More Income, More Trees
The wealthier the city, the thicker the trees. So writes Tim de Chant of the 'Per Square Mile' blog, focused on density and geography. In 'Urban Trees Reveal Income Inequality,' he cites a 2007 study:
They found that for every 1 percent increase in per capita income, demand for forest cover increased by 1.76 percent. But when income dropped by the same amount, demand decreased by 1.26 percent. That’s a pretty tight correlation.
He followed up his post by asking whether income inequality would be visible from space, and turned to Google Maps. He shares examples from wealthy and low-income neighborhoods in Oakland, Houston, Chicago, even Beijing and Rio de Janeiro.
There are a number of reasons why the images might not make for perfect comparisons, from regional topography and climate (I'd expect that wealthier people might naturally flock toward cooler, wetter areas in a region) to the time of year the satellite imagery was taken. Still, at first glance, they seemed to support the general theory.
He also asked for more examples, so I captured Google imagery from around Oahu. I knew I couldn't try to compare obvious high-income, densely populated lush valleys like Manoa, or the dry but mostly empty fields of Kalaeloa. I focused on places where I could get similar, same-magnification views full of mostly residential lots: Ewa Beach, Kalihi, Mililani, and Hawaii Kai.
Again, these neighborhoods have many differences besides average household incomes. Mililani is a meticulously planned community anchored by greenways and parks at a high altitude, so a definite outliner (but a decent 'middle income' example). Lower-income Ewa Beach and wealthy Hawaii Kai are both at sea level, while Kalihi is inland and stretches into a green valley. Finally, the imagery is definitely from different photo sets, and thus likely several years apart let alone seasons.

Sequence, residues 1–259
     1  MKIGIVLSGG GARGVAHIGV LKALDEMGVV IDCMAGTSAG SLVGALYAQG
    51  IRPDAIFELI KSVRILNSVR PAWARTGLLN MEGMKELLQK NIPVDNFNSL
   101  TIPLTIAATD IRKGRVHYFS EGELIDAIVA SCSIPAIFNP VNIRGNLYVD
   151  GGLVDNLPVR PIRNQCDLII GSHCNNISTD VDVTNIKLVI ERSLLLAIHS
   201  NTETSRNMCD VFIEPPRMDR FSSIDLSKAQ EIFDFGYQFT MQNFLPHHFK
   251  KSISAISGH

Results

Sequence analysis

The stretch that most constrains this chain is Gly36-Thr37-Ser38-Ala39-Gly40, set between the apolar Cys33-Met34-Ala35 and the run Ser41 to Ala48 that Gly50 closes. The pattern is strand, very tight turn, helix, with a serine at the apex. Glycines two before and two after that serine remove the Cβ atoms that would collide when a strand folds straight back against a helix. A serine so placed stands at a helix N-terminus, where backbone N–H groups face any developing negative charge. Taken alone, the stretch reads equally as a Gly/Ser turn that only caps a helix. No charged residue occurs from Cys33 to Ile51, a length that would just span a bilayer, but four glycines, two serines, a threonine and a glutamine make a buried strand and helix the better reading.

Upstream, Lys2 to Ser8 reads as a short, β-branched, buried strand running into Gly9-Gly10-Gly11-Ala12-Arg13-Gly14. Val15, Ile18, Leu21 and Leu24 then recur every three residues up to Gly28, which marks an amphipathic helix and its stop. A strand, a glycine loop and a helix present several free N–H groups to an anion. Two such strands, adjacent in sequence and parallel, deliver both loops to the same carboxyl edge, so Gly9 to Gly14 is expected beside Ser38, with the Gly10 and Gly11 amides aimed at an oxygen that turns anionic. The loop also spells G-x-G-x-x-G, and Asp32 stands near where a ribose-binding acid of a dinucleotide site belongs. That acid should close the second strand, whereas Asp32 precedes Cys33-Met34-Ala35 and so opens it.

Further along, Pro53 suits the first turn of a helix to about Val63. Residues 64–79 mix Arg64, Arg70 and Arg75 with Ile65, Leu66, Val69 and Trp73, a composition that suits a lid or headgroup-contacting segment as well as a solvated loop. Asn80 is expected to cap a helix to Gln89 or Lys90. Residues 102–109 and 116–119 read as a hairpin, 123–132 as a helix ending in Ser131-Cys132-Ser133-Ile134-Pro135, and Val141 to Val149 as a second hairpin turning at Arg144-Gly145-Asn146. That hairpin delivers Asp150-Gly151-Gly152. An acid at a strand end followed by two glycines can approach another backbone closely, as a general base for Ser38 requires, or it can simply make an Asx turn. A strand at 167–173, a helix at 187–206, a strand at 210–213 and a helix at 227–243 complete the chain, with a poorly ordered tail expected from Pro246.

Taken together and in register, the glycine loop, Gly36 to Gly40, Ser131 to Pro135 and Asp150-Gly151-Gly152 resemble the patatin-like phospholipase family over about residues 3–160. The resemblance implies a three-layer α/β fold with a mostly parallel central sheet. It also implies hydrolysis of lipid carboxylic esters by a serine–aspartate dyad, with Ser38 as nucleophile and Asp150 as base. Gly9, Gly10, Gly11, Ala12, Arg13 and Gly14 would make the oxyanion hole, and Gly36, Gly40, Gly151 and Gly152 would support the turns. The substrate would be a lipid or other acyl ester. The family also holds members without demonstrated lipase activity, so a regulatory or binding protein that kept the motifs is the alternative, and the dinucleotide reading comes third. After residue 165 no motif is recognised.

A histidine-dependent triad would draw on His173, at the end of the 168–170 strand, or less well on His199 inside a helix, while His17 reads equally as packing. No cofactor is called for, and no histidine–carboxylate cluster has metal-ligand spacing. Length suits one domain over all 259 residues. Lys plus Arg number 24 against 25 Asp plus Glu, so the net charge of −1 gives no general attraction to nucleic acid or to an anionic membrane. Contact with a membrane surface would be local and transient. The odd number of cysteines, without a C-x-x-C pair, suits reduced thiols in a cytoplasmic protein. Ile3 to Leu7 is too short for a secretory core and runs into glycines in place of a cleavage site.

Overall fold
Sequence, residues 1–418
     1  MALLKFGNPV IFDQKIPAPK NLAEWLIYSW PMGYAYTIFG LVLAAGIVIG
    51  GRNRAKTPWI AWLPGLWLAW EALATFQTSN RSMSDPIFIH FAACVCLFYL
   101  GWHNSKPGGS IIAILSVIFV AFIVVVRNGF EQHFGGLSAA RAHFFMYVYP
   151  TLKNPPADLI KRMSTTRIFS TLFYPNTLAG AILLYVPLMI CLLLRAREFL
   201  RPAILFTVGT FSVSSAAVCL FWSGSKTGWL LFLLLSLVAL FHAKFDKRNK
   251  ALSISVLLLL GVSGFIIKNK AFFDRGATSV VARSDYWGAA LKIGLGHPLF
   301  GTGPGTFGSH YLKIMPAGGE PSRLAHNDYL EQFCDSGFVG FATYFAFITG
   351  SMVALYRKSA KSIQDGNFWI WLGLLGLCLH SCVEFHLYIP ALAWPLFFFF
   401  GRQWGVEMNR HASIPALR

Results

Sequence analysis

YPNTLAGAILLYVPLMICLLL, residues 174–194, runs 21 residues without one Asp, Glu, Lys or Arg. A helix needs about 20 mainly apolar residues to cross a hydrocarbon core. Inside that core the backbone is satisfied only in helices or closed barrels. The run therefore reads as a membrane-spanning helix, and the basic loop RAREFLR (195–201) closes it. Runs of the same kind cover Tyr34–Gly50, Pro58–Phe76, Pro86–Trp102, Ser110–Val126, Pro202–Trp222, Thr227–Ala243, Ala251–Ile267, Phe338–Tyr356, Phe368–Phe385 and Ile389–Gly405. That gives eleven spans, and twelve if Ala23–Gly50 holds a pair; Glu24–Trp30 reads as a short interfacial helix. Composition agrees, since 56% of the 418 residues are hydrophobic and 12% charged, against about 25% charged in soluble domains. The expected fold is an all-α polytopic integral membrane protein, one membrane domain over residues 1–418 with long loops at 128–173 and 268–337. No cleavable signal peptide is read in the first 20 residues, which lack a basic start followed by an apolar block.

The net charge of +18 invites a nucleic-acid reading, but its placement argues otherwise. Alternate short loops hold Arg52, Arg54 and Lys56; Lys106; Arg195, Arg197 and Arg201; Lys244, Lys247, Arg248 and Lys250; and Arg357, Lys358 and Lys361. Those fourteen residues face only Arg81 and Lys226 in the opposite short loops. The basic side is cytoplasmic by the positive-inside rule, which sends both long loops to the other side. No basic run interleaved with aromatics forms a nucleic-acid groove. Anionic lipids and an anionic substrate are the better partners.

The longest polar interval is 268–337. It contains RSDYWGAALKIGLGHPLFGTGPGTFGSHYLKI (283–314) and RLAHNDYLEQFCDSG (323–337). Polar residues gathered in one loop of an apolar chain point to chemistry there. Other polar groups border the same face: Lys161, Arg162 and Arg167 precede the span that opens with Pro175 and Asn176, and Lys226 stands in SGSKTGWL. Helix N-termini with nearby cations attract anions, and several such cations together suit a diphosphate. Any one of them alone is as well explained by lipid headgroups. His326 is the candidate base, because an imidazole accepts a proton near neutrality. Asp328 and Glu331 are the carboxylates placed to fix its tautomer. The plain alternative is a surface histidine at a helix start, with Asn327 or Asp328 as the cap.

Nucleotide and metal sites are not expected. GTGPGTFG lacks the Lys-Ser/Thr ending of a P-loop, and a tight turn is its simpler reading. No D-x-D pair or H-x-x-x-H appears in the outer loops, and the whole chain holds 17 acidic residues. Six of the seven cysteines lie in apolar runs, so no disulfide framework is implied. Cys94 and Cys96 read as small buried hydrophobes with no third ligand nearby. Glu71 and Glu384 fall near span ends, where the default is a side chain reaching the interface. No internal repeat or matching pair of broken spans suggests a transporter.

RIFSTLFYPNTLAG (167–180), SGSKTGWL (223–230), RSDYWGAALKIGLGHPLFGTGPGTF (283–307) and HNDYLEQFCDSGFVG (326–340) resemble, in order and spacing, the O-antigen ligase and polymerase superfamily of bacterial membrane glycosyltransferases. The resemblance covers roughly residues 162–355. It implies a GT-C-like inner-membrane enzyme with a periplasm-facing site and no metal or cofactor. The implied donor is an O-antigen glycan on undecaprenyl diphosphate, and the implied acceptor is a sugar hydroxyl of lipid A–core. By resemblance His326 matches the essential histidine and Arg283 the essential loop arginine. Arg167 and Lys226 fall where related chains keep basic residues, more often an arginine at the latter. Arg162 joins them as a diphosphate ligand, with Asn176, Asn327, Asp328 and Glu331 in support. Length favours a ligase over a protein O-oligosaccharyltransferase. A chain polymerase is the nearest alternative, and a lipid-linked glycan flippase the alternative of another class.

Even so, at a glance, I bet someone who doesn't even know anything about these neighborhoods can figure out where people with higher incomes live. While the difference between Ewa Beach and Hawaii Kai is more subtle, Kalihi versus Mililani is striking.
Definitely check out Tim de Chant's blog posts for much more nuanced analysis, including a few unexpected reasons for the disparity, and the benefits of trees.
What do you think? Obvious? Misleading? Is Hawaii geography too diverse for this kind of broad conclusion to comfortably apply?